The Daily Caller editor in chief Tucker Carlson faced an onslaught of criticism yesterday for telling Fox News “Red Eye” viewers that “Iran deserves to be annihilated.” Carlson’s comments, first reported on ThinkProgress, led The Atlantic’s Jeffrey Goldberg to observe, “This is the sort of rhetoric that leads to war. I have no doubt this clip will be played over and over again in Tehran by a regime eager to prove that America wants to — to borrow a phrase — wipe Iran off the map.” In emails to Glenn Greenwald, Carlson largely walked back his statement, saying, “I think attacking could be a disaster for the US and am worried that Obama will do it, for fear of seeming weak before an election.”
Appearing on C-SPAN’s Washington Journal this morning, Carlson tried to walk back his comments:
I was actually trying to make the opposite point but I was doing it in a very inarticulate way. [...] I was actually urging caution. I’m not particularly hawkish to be totally honest with you.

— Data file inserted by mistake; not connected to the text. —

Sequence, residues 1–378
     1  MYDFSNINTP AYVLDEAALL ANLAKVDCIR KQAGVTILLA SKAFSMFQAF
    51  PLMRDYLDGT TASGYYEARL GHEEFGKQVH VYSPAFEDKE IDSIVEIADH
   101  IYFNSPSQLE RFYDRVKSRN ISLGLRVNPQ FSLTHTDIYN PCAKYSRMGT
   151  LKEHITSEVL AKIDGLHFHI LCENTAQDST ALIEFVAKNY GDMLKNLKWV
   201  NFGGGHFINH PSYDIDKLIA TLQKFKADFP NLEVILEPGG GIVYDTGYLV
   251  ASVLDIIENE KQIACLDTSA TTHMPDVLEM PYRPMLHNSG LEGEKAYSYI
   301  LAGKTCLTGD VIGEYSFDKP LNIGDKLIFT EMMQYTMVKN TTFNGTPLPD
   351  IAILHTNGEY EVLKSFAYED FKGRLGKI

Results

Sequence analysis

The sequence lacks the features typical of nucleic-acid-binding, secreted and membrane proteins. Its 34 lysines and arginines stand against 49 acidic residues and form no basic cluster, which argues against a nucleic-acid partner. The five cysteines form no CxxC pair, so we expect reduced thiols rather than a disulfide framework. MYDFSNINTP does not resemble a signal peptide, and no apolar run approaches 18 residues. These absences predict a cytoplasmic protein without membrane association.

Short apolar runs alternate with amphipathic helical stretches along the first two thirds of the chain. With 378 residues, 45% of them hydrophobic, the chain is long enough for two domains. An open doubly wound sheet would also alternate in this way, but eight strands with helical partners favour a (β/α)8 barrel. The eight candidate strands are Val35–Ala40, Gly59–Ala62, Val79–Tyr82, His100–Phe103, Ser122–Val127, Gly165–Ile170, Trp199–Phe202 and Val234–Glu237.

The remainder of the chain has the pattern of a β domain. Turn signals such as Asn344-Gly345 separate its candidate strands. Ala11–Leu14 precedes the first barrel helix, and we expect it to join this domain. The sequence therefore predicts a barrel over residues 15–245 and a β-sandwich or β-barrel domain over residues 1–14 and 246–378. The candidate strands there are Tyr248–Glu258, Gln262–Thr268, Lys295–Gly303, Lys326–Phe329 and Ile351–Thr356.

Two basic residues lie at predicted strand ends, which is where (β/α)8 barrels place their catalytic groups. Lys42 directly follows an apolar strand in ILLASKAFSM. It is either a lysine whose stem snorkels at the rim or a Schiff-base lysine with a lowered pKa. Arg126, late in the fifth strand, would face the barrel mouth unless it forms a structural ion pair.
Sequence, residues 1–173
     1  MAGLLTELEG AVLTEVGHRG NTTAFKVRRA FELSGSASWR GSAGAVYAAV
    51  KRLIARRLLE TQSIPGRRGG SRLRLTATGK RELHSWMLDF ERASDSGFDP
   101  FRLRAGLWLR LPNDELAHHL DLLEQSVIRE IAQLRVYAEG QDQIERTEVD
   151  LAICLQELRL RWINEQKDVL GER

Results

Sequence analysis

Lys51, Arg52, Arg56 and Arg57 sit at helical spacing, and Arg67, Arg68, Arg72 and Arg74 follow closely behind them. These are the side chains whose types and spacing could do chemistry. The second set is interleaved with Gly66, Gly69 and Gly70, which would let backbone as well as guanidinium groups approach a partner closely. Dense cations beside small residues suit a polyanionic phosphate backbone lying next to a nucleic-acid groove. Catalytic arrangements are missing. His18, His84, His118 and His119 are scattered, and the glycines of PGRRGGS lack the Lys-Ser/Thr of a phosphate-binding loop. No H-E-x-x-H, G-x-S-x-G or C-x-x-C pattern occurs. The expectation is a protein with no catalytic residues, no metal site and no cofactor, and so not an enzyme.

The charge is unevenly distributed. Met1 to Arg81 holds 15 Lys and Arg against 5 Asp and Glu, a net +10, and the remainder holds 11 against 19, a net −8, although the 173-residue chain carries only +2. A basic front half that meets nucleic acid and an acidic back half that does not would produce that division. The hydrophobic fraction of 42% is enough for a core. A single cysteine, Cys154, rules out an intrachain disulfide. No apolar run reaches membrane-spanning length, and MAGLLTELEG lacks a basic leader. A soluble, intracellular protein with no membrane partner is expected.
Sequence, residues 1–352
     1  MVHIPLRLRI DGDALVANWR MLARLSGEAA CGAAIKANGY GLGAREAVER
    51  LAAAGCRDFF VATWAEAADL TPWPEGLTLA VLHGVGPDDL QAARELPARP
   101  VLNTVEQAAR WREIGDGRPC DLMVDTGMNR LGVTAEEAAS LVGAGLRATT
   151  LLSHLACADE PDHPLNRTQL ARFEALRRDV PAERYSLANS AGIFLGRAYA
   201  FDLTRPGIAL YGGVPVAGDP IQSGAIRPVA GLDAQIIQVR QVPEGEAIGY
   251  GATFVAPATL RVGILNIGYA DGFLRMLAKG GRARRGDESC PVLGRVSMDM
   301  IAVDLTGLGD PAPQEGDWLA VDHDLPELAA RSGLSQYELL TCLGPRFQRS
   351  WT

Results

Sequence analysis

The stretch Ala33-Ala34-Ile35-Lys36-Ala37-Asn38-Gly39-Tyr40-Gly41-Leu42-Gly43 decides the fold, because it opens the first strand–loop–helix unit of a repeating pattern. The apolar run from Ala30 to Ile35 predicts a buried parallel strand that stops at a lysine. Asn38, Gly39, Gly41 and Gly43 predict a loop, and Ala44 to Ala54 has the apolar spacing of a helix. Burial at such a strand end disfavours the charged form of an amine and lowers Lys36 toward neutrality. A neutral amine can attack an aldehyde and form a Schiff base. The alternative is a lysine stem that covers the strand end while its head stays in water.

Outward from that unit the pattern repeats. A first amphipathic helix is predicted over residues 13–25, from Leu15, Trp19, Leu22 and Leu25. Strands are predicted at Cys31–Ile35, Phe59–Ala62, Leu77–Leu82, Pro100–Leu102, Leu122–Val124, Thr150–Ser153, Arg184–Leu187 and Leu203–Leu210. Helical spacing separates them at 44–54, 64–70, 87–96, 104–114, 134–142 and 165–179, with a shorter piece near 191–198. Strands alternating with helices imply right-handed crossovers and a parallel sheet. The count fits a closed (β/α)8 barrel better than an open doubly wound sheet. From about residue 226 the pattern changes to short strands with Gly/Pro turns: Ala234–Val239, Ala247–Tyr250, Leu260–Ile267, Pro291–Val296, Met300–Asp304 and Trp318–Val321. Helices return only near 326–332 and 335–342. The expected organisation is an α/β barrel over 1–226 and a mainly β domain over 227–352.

Later in the show, facing a question from a call-in guest about his statement calling for the annihilation of Iran, Carlson responded, “I misrepresented my own views,” and attempted to clarify his position:
The point I was actually making on that show on Tuesday night was, which I’m sure you didn’t see, while Iran’s government clearly is evil and I would like to see Iran’s government crushed, I think there probably are consequences to bombing Iran and going to war with Iran that might hurt us. Specifically, what would it do to the cost of energy?
The two C-Span segments in which Carlson addresses his “Red Eye” comments are combined below:
Indeed, gas prices would, no doubt, skyrocket if the U.S. began another war in the Middle East. But that’s just one of many consequences. The U.S. Navy’s fifth fleet based in Bahrain, U.S. troops in Afghanistan, and Iraq’s stability could all be put in danger and Hezbollah could stage terrorist attacks on Israeli and/or U.S. targets. All of that aside, the large number of U.S. and Iranian casualties that would result from any attempt to “annihilate” Iran or overthrow the government with outside military force is well worth considering before casually discussing launching a third U.S. war in the Middle East.
While the IAEA has said it has concerns about military dimensions to Iran’s nuclear program and U.S. officials have said that its unclear whether the Islamic Republic has decided on building a bomb, an attack would give reason for Iran to weaponize its program.
Tucker Carlson’s efforts to walk back his incendiary statements are appreciated but there are other reasons, apart from rising gas prices, to be reticent to “annihilate” a country of 74 million people.